The Amish is a strange Christian sect living in America. They keep themselves to themselves, they refuse to wear anything bright or colourful, such as buttons or jewellery, and they eschew most every aspect of modern living and technology.
Two very important studies, published in 2002 and the year before, showed that the incidence of type II diabetes could be reduced by 58 per cent through diet and exercise. But was it the weight loss, which was the byproduct of the exercise and diet, that caused the risk, or was it the exercise itself?
Turning to the 30,000 Amish in America, it seems that exercise - and not weight loss - is the key to reducing the risk of diabetes. The Amish are involved in a great deal of physical activity, yet obesity is as big a problem in their community as in America generally. While obesity is generally considered to be a precursor of diabetes, the Amish seem to refute that.
While the latest study seems to prove a link between exercise and diabetes, those concerned about diet - an issue not addressed by the study - could do worse than consider the Montignac high-glycaemic-index diet.
(Source: The Lancet, 2003; 361: 87-8).

RosalieM 2014-12-10 07:30:02 -0600 Report

I am interested in your discussion about the effect of exercise on diabetes.
After having had diabetes for 30 years, I have no complications that usually come with diabetes . Why? My A1c hovered around 7 all that time.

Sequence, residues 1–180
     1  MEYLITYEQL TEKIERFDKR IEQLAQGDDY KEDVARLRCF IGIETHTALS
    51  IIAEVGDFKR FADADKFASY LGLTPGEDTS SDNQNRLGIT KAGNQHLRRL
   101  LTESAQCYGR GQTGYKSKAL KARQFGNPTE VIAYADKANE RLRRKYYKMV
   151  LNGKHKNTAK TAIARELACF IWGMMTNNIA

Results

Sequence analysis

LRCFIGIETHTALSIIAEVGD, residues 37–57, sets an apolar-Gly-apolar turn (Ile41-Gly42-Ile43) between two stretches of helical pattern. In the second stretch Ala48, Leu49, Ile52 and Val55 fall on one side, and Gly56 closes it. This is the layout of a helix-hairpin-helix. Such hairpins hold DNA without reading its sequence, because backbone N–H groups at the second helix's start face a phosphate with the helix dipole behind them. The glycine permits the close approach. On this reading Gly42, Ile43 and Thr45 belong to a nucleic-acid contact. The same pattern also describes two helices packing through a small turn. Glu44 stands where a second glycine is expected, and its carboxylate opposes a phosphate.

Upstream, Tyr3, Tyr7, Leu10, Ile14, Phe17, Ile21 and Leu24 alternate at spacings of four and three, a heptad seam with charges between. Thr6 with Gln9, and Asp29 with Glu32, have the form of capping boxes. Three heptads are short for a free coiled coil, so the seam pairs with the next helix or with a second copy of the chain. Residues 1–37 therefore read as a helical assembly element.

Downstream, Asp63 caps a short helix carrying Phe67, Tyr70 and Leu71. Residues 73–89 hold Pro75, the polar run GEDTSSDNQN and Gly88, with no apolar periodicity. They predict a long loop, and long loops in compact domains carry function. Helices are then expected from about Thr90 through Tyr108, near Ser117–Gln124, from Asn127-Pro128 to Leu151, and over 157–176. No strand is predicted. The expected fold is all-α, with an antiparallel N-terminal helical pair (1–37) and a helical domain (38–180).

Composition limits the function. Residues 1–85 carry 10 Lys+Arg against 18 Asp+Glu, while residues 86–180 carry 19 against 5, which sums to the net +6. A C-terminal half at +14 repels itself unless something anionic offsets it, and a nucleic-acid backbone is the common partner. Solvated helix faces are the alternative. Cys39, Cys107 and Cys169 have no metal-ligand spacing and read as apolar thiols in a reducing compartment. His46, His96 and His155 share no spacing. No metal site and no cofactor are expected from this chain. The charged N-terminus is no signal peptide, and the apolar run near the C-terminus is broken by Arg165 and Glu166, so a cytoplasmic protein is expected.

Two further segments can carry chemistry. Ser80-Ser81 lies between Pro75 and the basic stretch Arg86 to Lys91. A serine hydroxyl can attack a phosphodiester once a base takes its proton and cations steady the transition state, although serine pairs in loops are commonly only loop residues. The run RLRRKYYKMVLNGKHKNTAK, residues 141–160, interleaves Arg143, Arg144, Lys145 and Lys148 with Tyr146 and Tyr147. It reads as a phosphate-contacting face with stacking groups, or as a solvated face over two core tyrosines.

I have had A1c between 8 and 11 at times early on before I figured out the diet thing. I want to know why this is so. My Dr told me a couple of years ago that I had a mood disorder that didn't need treatment. It is related to Bipolar, but I only have one pole. I never get depressed as bipolars do.
The other symptom is a great deal of energy. I have always liked doing things that require energy. So does working like the Amish (Which I do)keep my blood sugar from damaging my body? I also don't ever feel diabetic either. If my blood sugar goes too low I will notice that. I never notice a high. It can be over 300 and I don't notice. If I didn't check my blood sugar I would 't know it was over 300. What do you think?

BreC 2014-12-09 19:46:36 -0600 Report

The Amish we come in contact with all are hard workers. Most of the males are along the thin side while the females are along the heavier side. Does this make the females more prone to diabetes. I don't know. The females do all the house work and cooking and may be sampling as they prepare a meal but they also work hard in the gardens. It is interesting to learn how they do or would deal with diabetes.